The EVP of sales and marketing of the same company said to me, "Our customer service policy is like a pendulum. One quarter, we focus on costs and lower our inventories, so service falls and the customers scream. The next quarter, we load up our warehouses with products and costs go out of control. But the customers don't trust our service, so they keep tightening the delivery time, making it impossible to meet their service requirements. How do we get out of this cycle?"

Three steps to profitable customer service
Faced with the dilemma of escalating costs and problematic service levels, many managers react by trying to find the right balance of cost and service. What could be more logical?

The problem with this approach, however, is that the management actions with highest profit impact are not those that rebalance monolithic service standards and costs, but rather those that create service differentiation—setting appropriate service intervals (order cycle time) for different sets of customers and products. Given an appropriate set of service intervals, a manager can provide customers with near-perfect service at a reasonable cost.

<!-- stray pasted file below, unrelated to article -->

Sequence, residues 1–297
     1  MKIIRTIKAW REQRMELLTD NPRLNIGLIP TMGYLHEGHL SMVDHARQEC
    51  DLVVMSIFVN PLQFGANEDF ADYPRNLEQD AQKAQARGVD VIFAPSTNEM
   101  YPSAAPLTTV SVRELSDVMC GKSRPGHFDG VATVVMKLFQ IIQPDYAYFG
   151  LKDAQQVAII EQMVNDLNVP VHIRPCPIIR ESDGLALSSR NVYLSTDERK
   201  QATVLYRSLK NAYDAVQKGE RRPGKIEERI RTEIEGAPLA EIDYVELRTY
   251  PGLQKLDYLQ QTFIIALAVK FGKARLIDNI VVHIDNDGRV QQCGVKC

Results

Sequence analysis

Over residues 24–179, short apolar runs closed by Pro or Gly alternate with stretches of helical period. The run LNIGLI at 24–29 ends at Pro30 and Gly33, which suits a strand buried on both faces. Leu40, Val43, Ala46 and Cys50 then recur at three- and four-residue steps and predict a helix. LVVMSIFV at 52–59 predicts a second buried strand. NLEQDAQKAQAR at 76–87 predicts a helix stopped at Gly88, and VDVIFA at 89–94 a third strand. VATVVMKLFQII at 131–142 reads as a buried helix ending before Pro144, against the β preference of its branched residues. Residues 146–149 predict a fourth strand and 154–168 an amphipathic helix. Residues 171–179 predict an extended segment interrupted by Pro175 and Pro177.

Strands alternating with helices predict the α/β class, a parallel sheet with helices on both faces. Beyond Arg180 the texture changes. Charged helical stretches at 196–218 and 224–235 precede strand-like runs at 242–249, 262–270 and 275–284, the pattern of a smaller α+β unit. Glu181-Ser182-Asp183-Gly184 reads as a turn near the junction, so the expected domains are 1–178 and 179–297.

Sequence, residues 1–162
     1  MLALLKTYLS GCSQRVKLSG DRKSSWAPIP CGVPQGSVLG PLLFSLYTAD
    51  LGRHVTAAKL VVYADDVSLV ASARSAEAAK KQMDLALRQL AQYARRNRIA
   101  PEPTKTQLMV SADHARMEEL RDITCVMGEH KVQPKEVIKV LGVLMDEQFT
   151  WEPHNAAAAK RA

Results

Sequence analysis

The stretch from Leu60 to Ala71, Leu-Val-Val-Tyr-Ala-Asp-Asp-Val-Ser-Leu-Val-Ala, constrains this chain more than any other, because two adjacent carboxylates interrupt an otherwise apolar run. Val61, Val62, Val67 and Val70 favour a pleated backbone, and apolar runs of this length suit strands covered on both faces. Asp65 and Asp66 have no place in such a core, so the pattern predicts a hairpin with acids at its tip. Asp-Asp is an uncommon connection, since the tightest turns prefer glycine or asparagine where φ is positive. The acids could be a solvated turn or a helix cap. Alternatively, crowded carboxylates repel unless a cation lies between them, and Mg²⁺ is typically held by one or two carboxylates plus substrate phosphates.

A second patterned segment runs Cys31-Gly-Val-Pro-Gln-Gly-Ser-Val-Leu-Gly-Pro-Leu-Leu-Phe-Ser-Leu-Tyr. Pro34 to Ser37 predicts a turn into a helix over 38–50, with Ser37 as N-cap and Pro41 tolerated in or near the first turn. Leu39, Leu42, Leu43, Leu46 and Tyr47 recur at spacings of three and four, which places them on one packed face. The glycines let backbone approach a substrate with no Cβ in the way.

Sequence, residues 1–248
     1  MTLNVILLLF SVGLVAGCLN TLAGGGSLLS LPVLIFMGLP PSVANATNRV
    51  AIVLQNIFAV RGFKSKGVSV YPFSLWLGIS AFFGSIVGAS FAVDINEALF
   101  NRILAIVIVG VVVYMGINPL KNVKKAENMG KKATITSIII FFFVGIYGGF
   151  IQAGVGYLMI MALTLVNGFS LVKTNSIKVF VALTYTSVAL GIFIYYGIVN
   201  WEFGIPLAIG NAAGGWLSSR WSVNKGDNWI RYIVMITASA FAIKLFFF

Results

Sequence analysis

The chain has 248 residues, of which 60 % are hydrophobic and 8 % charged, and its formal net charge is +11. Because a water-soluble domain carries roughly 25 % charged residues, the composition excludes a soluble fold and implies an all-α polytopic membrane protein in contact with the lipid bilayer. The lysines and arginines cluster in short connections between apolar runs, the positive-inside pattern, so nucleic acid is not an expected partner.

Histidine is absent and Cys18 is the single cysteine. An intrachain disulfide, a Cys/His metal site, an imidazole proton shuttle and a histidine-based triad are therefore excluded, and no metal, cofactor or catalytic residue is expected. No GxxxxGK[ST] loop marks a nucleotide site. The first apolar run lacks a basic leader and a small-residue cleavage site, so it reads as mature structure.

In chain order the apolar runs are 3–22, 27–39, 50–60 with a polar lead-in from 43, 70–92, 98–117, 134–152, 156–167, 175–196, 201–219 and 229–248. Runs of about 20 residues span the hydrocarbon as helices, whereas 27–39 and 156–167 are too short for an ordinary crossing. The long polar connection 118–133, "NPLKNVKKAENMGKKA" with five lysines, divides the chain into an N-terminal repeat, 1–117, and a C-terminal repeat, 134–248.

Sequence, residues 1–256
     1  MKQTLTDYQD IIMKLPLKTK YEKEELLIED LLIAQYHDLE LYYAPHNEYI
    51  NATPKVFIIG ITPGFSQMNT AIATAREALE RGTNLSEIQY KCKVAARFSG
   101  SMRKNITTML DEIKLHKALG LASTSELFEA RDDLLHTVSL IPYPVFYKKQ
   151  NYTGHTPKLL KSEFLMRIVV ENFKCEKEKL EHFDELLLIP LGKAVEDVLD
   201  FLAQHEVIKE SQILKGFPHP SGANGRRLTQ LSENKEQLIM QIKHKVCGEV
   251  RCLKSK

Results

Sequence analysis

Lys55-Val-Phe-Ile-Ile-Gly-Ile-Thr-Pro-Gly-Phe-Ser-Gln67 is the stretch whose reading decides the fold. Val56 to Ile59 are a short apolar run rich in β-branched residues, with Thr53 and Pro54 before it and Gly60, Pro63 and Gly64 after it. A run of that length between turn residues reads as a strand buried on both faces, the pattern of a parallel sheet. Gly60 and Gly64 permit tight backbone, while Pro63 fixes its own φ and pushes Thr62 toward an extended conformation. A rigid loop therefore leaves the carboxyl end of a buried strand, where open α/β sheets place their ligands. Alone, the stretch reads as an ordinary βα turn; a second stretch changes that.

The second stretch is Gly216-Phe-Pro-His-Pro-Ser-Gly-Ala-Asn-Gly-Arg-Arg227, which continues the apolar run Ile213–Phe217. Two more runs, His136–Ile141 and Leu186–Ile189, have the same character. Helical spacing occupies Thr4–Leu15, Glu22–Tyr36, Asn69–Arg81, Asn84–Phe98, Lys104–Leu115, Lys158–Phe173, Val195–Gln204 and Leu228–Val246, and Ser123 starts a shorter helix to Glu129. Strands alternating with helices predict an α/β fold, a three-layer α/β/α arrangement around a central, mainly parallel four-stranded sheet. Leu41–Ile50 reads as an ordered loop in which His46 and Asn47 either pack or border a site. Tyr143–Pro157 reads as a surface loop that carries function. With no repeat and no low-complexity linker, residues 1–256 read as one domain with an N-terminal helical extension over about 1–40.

The key question, then, is how to set appropriate, differentiated service intervals. A manager can develop a highly profitable service differentiation strategy by utilizing a three-step process.

Step 1: Understand real customer needs
This sounds simple enough—just ask the customer, right? There are two problems with simply asking the customer what cycle time is required. First, the customer may not know his or her own real needs, especially in companies where the purchasing group is separate from the operations group. Second, most customers will ask for shorter and shorter order cycle times if they don't trust the vendor to keep its delivery promises.